The plaintiffs, a group of Richmond residents who live near the monument, filed suit after Northam ordered the removal of the statue in June amid the outcry and unrest caused by the death of George Floyd in police custody.
They argue that the Democratic governor does not have the authority to remove the statue erected in 1890 in this former capital of the Confederacy and that doing so would violate restrictive covenants in deeds that transferred the statue, its pedestal, and the land they sit on to the state.
The state has argued it cannot be forced in perpetuity to maintain a statue Attorney General Mark Herring has called a “divisive, antiquated relic.”
A spokeswoman for Herring, Charlotte Gomer, said she expects the judge may hear arguments on the motions both sides have filed seeking summary judgment at the start of the trial before moving on to witness testimony.
It was not immediately clear whether Richmond Circuit Court Judge W. Reilly Marchant might rule from the bench. In August, he took a week before issuing a ruling on the state's motion to dismiss the case.
But no matter Marchant's decision, the case could take more time to unwind — it is widely expected to be appealed to the Supreme Court of Virginia.
Monument Avenue, a prestigious residential boulevard that once contained one of the nation's most prominent tributes to the Confederacy, was dramatically transformed over the summer. The avenue's other large Confederate statues, which all sat on city property, were either toppled by protesters (in the case of Jefferson Davis ) or hauled off by contractors working for the city. Amid weeks of nightly protests, Mayor Levar Stoney ordered the statues removed, invoking his authority under a local emergency order.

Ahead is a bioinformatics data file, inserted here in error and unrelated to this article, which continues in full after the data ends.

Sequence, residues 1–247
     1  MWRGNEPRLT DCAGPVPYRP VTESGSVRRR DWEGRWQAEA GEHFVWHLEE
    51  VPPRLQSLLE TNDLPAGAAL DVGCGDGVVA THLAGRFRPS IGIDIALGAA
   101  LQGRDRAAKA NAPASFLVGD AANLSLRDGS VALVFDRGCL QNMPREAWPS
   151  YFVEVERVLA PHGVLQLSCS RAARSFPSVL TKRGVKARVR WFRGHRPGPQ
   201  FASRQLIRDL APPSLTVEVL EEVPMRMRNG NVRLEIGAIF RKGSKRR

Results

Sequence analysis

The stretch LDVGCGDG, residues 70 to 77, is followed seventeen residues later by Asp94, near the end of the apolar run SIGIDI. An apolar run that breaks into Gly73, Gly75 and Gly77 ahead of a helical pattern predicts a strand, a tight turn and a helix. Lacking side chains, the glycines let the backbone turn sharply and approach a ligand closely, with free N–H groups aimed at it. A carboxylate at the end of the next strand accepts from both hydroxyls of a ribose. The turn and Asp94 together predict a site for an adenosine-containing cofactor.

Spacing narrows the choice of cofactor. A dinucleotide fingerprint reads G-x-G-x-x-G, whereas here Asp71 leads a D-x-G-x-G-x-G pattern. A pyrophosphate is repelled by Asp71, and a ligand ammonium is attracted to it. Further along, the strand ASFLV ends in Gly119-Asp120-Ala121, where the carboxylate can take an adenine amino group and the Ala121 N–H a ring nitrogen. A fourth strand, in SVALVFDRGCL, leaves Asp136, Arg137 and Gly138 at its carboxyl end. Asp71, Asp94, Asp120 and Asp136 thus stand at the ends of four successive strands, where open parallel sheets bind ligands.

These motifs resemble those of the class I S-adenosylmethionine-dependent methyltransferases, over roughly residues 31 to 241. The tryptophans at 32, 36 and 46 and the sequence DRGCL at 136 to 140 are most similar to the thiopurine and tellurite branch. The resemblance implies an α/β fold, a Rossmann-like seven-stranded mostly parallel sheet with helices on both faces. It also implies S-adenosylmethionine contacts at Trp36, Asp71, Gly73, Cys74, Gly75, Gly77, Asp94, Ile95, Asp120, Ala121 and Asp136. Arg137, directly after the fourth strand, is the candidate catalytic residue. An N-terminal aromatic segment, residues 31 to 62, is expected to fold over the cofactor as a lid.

The Lee statue, meanwhile, was transformed into a bustling hub of activity for demonstrators protesting police brutality and racism. The giant concrete pedestal of the statue is covered by colorful and constantly changing graffiti, many of the messages profanely denouncing police and others demanding an end to systemic racism and inequality.
A recent piece in The New York Times Style Magazine included the statue in its current state among a list of 25 of the “most influential works of American protest art since World War II.”
The 21-foot-high (6.4-meter-high) equestrian statue, which the state has said weighs about 12 tons (11 metric tonnes), sits atop a pedestal nearly twice that tall. Northam’s spokeswoman said Friday a decision has not yet been made about what will be done with the pedestal.